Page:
Anonymous function style

I’m current learning Elixir by the book Elixir in Action 2nd Edition. On chapter 3 at Stream functions exercises i’ve solved them a bit different from the original repository.

Problem: Get the longest line length of a file

Book resoluiton:

  def longest_line_length!(path) do
    |>, "\n", ""))
    |> Enum.max()

My resolution:

  def longest_line_length!(path) do!(path)
    |>, "\n", ""))
    |> Enum.max()

Is there some fundamental difference between and ?

Or it is just a style preference?

Personally I think it’s more clear to use &1 even if it’s not necessary. Maybe it is just because I’m still getting used with the language. Any thoughts?

1 Like

I had the same reaction and preference when I first started learning Elixir. There may be some real difference between them that I am not aware of; I just think of it as a style difference.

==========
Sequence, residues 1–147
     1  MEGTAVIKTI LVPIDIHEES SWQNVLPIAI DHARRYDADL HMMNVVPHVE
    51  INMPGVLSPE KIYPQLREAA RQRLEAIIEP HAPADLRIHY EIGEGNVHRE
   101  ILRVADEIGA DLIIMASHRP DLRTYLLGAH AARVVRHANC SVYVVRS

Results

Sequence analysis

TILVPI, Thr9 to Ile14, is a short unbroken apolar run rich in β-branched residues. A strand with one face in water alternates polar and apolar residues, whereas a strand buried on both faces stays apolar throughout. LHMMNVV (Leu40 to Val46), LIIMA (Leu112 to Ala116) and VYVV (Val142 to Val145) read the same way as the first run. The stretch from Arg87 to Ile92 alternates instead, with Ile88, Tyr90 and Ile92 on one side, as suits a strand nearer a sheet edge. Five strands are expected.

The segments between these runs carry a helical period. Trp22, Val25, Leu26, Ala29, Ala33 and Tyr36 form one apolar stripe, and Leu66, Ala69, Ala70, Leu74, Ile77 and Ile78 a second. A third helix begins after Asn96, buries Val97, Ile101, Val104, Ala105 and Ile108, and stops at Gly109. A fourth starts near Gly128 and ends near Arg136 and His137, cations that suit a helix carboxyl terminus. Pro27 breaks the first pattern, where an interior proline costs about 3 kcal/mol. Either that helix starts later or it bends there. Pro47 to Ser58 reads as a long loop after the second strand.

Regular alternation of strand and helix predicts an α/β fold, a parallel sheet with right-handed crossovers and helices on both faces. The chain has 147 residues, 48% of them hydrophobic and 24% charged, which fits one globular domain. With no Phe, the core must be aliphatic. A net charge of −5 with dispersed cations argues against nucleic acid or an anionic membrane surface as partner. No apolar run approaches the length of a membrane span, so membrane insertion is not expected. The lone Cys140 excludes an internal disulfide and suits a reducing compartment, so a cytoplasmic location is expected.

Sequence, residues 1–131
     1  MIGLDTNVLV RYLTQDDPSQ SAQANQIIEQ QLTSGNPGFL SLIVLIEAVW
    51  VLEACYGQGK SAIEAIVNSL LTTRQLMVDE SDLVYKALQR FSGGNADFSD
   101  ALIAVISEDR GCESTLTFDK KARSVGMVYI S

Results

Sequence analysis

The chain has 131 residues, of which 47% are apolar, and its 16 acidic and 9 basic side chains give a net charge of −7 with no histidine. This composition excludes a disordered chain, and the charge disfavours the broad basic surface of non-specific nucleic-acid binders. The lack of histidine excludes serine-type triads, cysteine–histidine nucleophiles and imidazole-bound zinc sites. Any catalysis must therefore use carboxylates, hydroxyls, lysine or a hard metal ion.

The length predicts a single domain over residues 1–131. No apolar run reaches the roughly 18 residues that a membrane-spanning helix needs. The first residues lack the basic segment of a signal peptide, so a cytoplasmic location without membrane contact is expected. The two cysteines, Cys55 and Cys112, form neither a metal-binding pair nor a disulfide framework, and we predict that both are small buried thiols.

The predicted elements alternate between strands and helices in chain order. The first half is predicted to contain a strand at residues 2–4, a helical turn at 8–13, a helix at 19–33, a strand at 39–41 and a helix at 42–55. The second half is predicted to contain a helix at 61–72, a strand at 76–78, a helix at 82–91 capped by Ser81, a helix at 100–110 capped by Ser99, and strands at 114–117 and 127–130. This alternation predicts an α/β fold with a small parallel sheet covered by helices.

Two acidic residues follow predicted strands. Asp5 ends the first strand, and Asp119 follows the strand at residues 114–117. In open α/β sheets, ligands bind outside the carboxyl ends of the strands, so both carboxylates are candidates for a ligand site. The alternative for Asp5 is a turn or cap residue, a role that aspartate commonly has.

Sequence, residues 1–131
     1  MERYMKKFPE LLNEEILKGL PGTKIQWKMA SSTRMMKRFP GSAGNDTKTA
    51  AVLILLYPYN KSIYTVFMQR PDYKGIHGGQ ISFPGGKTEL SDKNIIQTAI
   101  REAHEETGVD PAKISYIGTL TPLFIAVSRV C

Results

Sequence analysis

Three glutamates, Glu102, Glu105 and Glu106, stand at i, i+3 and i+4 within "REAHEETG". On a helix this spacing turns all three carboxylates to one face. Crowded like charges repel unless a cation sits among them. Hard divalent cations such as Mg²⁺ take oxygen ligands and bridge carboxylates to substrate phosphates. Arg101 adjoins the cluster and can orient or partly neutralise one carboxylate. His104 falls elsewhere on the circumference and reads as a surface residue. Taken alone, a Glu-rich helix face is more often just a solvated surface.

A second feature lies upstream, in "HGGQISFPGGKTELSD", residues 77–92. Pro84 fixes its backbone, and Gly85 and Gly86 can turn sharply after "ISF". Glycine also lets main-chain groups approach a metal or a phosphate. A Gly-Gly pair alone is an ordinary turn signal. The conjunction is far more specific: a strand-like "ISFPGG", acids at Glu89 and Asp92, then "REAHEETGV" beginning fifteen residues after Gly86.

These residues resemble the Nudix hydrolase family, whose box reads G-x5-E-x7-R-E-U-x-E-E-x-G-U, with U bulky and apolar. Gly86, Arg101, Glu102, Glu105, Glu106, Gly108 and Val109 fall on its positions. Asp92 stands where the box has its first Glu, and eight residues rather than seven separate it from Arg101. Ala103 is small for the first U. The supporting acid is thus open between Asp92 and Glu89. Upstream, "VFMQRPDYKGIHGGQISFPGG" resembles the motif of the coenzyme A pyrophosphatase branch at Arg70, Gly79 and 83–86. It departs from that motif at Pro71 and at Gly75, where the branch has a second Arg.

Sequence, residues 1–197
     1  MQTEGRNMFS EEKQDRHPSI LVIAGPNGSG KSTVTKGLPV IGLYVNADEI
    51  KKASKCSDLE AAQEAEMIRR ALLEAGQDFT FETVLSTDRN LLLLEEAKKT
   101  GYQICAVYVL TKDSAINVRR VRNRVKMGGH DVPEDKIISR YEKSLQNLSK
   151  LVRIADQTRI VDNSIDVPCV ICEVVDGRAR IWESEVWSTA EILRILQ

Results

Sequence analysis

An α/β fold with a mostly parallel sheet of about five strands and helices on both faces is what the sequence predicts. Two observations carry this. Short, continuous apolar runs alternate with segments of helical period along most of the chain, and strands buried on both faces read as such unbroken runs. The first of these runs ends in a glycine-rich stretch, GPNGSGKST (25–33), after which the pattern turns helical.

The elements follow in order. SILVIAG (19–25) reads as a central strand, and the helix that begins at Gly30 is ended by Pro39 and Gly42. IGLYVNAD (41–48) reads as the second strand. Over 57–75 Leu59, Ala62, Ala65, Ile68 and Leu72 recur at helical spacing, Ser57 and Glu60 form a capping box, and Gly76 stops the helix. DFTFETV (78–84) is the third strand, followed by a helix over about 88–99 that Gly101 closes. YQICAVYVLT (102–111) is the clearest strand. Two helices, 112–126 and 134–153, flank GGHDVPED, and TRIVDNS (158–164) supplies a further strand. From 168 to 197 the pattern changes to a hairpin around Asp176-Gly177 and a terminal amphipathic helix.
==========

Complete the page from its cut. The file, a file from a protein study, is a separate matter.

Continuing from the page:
Over time as I got accustomed to referring to a function as Module.function/arity, the former syntax (i.e. &String.length/1) became more natural and the latter started to feel redundant/unnecessary.


2 calls vs 1

Hmmm… can you explain a bit more? I’m learning yet.

I did not get how the &String.length(&1) is called twice, why is this so?

It’s not that that function is called twice, but it causes two function calls.

Using &f(&1) needs to first call the anonymous function which calls then the inner function call. Using &f/1 creates a more direct “reference” to the target function and therefore removes one level of indirection.


But something like this will be optimised by the compiler.
For example:

  def foo(map) do


foo(_map@1) ->
      'Elixir.Enum':map(_map@1, fun 'Elixir.String':upcase/1),
      fun 'Elixir.String':upcase/1).

But &String.upcase/1 should be the preferred form.


Besides the points above, if you’re not reordering or transforming arguments before calling the existing function, the style is more succinct to read and write, especially for functions with arity > 1. fun(&1, &2, &3) is repetitive in a way that isn’t productive.